Japan Monopoly Authority Approves Toho Cinemas’ Remedy



Japan‘s Fair Trade Commission on Tuesday approved a remedial proposal by Toho Cinemas, the country’s largest movie theater operator, not to apply unfair pressure on third-party film distributors.

The FTC opened an investigation into film booking practices in March of last year, having received reports that Toho Cinemas, which is also in the same family of companies as Japan’s leading distributor, had pressured other companies to only use its theaters.

In its decision, reported by Japanese media, the FTC said that it accepted Toho Cinemas’ proposed remedies and said that it would not need to issue a cease-and-desist order or take other punitive measures that the anti-monopoly laws allow.

The FTC explained that distributors choose so-called main cinemas as venues for promotional events (stage greetings, fan meetings and gala screenings). It found that since 2016 Toho would not accept film bookings at cinemas in its circuit unless a Toho Cinemas venue had also been designated as a main cinema.

At the time of the complaint, the Asahi Shimbun business newspaper mentioned ‘intimidation’ by Toho. But it did not explain in detail what it meant.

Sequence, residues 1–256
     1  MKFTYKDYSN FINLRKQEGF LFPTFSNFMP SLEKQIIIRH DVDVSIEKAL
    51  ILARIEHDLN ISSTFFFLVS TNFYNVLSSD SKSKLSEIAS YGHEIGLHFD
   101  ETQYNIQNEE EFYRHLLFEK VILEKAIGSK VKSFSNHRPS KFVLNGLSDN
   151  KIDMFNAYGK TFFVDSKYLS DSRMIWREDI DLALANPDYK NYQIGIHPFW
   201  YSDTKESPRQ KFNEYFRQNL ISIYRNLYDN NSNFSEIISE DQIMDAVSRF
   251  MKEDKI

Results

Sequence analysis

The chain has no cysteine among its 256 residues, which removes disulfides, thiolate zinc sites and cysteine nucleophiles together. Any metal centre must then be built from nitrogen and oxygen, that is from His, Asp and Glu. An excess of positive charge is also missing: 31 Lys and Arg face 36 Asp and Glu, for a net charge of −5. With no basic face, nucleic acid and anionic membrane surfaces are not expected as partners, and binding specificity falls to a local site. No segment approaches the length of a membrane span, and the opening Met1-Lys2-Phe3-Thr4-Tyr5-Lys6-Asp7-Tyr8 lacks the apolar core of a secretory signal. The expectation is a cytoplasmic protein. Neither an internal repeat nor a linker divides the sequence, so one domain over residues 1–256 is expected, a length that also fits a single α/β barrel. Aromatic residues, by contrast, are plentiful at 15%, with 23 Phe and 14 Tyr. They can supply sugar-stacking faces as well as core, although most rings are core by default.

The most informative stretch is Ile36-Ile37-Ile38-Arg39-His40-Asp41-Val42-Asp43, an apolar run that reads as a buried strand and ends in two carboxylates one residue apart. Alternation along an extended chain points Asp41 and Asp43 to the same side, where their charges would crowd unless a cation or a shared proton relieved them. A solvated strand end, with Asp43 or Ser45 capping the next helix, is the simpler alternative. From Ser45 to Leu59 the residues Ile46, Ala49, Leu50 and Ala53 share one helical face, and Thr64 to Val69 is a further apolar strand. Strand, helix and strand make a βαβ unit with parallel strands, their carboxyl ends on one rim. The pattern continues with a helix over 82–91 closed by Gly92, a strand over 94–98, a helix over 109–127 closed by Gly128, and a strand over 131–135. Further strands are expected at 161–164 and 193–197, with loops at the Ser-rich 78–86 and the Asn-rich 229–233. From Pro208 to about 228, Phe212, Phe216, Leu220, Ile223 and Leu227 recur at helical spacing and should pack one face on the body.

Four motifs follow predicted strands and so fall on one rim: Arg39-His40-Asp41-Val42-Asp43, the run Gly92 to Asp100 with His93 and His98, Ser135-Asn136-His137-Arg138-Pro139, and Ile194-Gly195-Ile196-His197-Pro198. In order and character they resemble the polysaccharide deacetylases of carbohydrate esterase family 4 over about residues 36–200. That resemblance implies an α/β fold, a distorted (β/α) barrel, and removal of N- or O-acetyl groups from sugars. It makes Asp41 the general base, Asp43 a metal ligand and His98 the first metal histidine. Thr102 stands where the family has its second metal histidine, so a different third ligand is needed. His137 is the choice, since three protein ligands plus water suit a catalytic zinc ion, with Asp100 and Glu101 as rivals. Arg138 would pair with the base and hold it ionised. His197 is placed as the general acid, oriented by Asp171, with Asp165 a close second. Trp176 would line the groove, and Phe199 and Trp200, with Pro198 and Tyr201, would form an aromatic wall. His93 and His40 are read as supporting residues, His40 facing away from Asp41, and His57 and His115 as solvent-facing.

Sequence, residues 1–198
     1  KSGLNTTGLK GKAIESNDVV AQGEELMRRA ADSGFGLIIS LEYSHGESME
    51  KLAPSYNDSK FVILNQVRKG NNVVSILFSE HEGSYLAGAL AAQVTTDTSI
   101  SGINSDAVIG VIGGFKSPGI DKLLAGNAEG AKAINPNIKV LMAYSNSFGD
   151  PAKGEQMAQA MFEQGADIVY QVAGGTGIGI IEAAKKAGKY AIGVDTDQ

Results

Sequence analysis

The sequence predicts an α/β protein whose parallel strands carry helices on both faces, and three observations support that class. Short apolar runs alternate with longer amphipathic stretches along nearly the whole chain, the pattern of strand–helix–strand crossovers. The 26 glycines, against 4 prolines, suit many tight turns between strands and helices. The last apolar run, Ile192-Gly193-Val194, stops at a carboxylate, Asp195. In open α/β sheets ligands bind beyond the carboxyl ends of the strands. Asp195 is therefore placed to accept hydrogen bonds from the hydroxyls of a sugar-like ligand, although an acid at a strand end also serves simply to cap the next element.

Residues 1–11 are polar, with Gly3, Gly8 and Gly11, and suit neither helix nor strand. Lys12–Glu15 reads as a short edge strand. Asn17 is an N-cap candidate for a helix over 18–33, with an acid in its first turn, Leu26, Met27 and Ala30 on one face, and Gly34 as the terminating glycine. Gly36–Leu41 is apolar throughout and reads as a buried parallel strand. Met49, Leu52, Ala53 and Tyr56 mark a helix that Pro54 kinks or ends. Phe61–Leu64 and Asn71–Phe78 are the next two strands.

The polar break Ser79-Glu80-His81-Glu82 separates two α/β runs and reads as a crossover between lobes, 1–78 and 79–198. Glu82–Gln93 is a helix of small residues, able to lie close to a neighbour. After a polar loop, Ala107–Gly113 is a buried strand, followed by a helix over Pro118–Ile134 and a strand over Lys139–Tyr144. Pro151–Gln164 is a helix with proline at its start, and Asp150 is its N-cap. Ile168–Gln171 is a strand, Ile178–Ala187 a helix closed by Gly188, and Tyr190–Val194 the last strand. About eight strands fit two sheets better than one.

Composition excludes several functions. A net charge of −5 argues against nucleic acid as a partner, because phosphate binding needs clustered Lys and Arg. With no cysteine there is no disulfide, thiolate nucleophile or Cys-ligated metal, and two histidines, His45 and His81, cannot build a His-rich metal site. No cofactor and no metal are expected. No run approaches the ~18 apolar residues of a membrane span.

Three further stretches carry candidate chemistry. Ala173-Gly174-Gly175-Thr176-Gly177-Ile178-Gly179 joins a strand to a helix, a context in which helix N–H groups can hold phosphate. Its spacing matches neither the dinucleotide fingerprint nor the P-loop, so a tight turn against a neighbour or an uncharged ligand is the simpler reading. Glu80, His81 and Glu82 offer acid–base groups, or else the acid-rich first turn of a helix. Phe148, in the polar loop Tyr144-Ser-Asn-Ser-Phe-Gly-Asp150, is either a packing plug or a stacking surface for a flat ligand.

Toho is Japan’s biggest industry player. It is involved in production, distribution and, through Toho Cinemas, exhibition. Toho has long accounted for the majority of major box office hits. In 2021 Toho released or co-released five of the top ten highest-earning films, including number one “Evangelion: 3.0+1.0 Thrice Upon a Time,” a sci-fi anime film that made $92 million following its March 8, 2021 local release.

Toho Cinemas operates 677 screens at 72 theaters across Japan. In 2021, it posted JPY161 billion of local gross box office revenues with 115 million visitors, according to the Motion Picture Producers Association of Japan (Eiren).


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